BTW, Denim supposedly could mean “de Nîmes” aka “of Nîmes” a city in France. (Wikipedia / Yahoo news) I didn’t go into scholarly research to determine whether that is true.

Legacy of A Name

There is a legacy of my name most people may not be aware.

Ezra the Scribe made all the men of Israel send their foreign wives back to Persia. See, the people had been living in Babylon in Persia (now Iraq). Cyrus, founder of the Persian Empire, allowed them to rebuild the temple in Jerusalem (the same one whose current ruins form the basis of the animosity of Islam vs Israel) following a dream. His grandson, Darius, allowed the Israelites to return. One of the better known repercussions of reconnecting the people with the Word was to make the men give up any foreign wives to send back to Persia.

10 And Ezra the priest stood up, and said unto them, Ye have transgressed, and have taken strange wives, to increase the trespass of Israel. 11 Now therefore make confession unto the LORD God of your fathers, and do his pleasure: and separate yourselves from the people of the land, and from the strange wives.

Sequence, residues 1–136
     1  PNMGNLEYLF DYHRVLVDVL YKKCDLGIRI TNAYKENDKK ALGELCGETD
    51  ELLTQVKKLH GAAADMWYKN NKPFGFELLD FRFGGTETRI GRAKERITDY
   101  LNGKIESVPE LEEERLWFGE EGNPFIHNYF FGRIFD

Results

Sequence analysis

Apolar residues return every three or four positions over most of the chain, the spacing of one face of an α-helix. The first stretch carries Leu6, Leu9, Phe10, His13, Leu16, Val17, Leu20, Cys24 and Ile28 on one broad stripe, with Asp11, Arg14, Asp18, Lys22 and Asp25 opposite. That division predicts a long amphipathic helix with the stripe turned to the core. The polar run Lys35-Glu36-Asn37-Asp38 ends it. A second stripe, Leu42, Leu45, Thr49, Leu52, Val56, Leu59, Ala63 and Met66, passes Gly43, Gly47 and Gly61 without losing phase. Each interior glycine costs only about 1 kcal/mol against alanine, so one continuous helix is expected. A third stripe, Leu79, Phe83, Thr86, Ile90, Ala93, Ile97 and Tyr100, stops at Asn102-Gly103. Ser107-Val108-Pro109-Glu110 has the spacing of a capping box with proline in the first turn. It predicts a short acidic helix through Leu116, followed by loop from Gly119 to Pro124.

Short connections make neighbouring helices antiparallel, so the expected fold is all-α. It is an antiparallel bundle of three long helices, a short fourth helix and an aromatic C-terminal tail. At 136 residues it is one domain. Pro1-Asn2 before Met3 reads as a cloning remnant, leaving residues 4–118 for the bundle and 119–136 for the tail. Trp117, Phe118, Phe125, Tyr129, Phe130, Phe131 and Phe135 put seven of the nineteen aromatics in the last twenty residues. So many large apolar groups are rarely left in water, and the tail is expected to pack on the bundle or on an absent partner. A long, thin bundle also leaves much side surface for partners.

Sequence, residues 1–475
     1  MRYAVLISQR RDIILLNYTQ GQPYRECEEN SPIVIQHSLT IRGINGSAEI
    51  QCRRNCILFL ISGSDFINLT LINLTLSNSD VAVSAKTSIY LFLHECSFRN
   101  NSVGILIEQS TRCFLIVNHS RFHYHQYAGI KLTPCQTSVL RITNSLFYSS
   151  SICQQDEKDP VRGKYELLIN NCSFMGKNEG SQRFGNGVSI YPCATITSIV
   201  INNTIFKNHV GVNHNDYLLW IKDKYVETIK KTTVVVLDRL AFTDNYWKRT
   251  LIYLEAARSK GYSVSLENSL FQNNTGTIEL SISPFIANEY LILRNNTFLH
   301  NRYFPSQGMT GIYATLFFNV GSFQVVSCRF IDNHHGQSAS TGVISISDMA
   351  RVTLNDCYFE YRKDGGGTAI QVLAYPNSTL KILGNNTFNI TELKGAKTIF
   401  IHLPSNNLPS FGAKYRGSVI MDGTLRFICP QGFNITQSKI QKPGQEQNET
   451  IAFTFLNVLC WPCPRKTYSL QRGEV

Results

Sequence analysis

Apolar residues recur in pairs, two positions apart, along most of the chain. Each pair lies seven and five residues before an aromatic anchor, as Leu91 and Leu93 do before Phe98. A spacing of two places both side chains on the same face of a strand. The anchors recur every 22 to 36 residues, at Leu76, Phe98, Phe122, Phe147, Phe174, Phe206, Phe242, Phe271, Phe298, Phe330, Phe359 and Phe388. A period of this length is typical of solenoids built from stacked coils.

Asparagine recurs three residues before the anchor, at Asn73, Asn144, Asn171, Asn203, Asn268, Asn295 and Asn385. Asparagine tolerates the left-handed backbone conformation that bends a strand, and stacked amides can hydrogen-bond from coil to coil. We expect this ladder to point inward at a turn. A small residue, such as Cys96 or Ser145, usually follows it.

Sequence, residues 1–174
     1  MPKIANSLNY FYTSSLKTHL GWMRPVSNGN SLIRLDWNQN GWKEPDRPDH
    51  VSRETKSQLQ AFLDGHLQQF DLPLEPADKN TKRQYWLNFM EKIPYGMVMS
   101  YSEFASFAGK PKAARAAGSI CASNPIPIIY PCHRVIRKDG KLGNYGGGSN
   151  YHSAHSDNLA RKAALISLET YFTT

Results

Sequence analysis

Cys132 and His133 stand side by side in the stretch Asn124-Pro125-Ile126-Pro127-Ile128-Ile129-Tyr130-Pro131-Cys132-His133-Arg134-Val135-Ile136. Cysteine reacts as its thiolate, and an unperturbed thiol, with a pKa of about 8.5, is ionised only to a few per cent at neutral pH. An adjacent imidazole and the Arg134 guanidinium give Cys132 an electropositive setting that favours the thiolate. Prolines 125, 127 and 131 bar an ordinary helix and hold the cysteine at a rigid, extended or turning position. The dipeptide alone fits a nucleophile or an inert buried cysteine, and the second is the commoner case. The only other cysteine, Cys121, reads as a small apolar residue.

This is definitely about separating different races, seeking to accomplish the same thing as what Loving vs. Virginia overturned. So there is a certain amount of irony being indirectly named for an anti-miscegenationist when just a couple years prior my parents found difficulty getting married over them being of two different races. Of course, my mother was proud of making John C. Calhoun roll over in his grave by having me… So….

DDoS of Social Media

Twitter, Facebook, LiveJournal and other sites all admitted to suffering from a DDoS attack. It seem to me the purpose of a Denial-of-Service attack (DoS) against a web site is to flood it with so much traffic the site becomes unusable. The DDoS is where multiple other computers are coordinated into launching the attack.